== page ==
Frank and Wilson decided to go for a short dive and explored the coral. In all the preparations, Frank managed to forget his underwater camera back on PatiCat. So, no pictures. But, the site was pristine coral reefs. Totally untouched. We may have been the only people to ever dive this site. There was elkhorn coral, brain coral, fire coral, sponges, sea fans galore, etc. There were trumpet fish, blue chromis, squirrel fish, damsels, trunkfish, etc. We found a fishing line caught on the bottom, so we know the site had been fished. Surprisingly, we didn't see any larger or unusual fish other than the trumpet fish. The trumpet fish hang vertically looking just like the rods of some of the coral, waiting to catch a passing fish unawares.
After our short dive, we returned to the dinghy and Karen and the girls had already put away their gear on the dinghy. So, the men climbed back in and we left to return to our boats. After some lunch, and washing down all our gear with freshwater, we took the dinghy over to the beautiful beach at Prickly Pear East. Unfortunately, we neglected the camera again. But, the kids from both boats had a great time swimming and building sand castles.
We left late in the afternoon and went to Crocus Bay on the main island of Anguilla for the night. On the way back, Frank took PatiCat to the dive site area to look again for the dive mooring. The seas were calm now, and the sun low in the sky. There was no sight of the mooring ball. Apparently, there is no mooring ball any more. Later, this was confirmed by asking a local dive master. No wonder we couldn't find it!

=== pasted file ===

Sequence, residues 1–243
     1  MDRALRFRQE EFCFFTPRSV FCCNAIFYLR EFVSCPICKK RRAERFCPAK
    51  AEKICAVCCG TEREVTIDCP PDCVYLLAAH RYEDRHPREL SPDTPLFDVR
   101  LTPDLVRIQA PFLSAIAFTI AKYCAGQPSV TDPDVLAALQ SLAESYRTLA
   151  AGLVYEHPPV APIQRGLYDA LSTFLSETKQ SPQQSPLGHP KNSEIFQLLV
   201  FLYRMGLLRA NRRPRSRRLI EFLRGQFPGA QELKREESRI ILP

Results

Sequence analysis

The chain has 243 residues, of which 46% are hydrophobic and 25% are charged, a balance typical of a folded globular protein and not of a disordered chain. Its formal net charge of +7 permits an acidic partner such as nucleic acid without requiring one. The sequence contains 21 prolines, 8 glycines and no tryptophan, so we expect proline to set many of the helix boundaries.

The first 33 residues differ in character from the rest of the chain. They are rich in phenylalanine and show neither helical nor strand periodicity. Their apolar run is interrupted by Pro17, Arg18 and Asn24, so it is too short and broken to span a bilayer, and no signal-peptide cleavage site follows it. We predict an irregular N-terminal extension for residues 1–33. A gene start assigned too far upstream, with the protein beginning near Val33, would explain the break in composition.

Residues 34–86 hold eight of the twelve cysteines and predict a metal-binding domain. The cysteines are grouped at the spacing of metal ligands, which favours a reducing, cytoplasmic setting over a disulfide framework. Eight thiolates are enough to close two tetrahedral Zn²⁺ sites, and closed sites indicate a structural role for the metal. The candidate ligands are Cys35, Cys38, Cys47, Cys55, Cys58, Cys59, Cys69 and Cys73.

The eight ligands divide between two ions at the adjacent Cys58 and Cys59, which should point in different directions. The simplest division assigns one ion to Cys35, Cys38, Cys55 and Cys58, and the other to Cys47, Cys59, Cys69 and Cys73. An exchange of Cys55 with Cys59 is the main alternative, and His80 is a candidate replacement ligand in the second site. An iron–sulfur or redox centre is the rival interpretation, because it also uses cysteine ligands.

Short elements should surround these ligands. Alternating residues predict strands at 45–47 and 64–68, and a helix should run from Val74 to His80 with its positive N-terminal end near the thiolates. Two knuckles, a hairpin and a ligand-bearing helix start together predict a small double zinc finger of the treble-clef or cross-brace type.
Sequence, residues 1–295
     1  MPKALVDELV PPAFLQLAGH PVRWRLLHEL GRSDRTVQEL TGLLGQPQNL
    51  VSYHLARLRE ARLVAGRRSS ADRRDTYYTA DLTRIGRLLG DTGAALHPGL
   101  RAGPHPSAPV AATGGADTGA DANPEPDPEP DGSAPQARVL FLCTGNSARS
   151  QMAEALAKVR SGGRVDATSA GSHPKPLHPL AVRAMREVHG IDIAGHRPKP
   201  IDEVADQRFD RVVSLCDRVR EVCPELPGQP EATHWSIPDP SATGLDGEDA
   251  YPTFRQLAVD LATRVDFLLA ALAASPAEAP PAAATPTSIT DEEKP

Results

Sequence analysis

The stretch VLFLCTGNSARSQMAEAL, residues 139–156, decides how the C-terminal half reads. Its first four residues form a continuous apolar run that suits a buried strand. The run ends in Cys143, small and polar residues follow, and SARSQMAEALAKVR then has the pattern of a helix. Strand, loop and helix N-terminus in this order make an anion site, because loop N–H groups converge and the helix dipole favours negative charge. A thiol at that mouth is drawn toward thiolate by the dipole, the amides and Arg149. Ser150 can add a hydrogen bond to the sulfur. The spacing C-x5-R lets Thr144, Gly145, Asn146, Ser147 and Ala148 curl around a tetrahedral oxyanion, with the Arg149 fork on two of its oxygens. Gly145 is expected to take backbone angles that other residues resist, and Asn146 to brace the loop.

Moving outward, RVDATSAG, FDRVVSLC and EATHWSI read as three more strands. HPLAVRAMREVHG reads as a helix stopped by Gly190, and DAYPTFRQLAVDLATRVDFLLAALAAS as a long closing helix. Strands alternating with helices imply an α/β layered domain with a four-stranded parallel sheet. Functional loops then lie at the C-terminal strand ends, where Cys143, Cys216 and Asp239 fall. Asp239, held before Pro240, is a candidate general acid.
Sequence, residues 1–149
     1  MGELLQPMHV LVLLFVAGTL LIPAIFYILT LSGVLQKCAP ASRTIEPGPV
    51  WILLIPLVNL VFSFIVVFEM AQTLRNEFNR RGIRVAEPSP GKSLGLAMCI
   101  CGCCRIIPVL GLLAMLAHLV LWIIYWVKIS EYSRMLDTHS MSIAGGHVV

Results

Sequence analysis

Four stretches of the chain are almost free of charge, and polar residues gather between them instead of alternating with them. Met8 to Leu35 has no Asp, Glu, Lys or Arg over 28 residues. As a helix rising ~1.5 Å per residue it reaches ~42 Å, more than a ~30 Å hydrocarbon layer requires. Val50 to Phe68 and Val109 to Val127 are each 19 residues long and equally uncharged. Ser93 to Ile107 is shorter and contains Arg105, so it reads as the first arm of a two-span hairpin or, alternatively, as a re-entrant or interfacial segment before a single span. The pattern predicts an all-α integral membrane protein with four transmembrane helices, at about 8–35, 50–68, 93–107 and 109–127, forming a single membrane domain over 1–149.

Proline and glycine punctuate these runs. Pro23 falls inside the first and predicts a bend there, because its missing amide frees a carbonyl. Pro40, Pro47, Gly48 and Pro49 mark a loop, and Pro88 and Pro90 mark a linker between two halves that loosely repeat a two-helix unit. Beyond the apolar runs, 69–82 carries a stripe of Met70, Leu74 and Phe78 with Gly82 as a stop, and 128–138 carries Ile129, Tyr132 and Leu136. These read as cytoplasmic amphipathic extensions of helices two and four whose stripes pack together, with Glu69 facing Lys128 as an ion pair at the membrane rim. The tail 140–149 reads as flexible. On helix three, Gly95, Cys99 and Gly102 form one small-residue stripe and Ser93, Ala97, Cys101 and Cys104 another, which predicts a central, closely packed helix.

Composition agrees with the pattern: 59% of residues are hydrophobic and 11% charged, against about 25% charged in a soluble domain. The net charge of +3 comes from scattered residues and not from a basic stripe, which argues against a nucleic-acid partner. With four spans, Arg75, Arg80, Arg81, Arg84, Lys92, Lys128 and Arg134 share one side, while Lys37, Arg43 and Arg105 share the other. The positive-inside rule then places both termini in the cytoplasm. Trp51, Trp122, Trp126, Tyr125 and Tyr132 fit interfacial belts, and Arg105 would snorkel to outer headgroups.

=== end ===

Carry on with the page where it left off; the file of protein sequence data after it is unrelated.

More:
Crocus Bay was a delightful bay with very few other boats anchored. It was very calm while we were there, aided by light winds in the area - especially at night. Here are some pictures of PatiCat and Hotel California in the bay:
On December 27, the day after the Frustrating First Dive, the kids and Karen and Elizabeth went ashore to explore Anguilla's main village and grocery shop. Wilson and Frank found out a local dive shop was taking a boatload of people to a nearby dive site with the wreck called MV Commerce. They didn't have room for us on the boat, but told us we were welcome to dive the site if we had our own equipment. Frank and Wilson made it to the site a few minutes after they started their dive. They let us tie our dinghy to their boat, and we headed below. It was an excellent dive site, and we had a great time. Here are some photos from the dive...
Next to Crocus Bay was a small beautiful bay, appropriately called Little Bay, with colorful cliffs which reached down and below the water. A bunch of us went over and did a snorkel later the same day. Here are some pictures of Little Bay. Note, the last picture shows some fossils in the bottom of the cliffs.
On December 28th, we left early in the morning to leave Anguilla and head to the French side of St. Martin. On the way, Frank dropped a fishing line and actually caught some fish! Both were game fish, and both were just a bit young to keep - but, still fun to catch. The first we took a picture of, but have yet to identify its type - anyone know?
The second fish was a thrill, we believe it was a young Wahoo. Beautiful colored back (blueish green) with sharp pointy teeth and a long snout. If fought so hard, we thought it would slow the boat down which was under sail. It was a bit bigger than the other fish, but still young for a Wahoo (which can reach over 150 pounds).
We arrived in Marigot, Saint Martin at about 10:00 on the 28th. Wilson and Frank went to enter customs. It was Saturday morning, so the normal customs office was closed. There was a small booth at the Ferry Dock with two customs officers. They had us fill out a single sheet with a carbon copy with the usual information, and then made a cursory glance at our passports, stamped one of the information sheets and handed it all back to us. That was it...they didn't even want to stamp our passports!
More information on our stay in Saint Martin will be added later.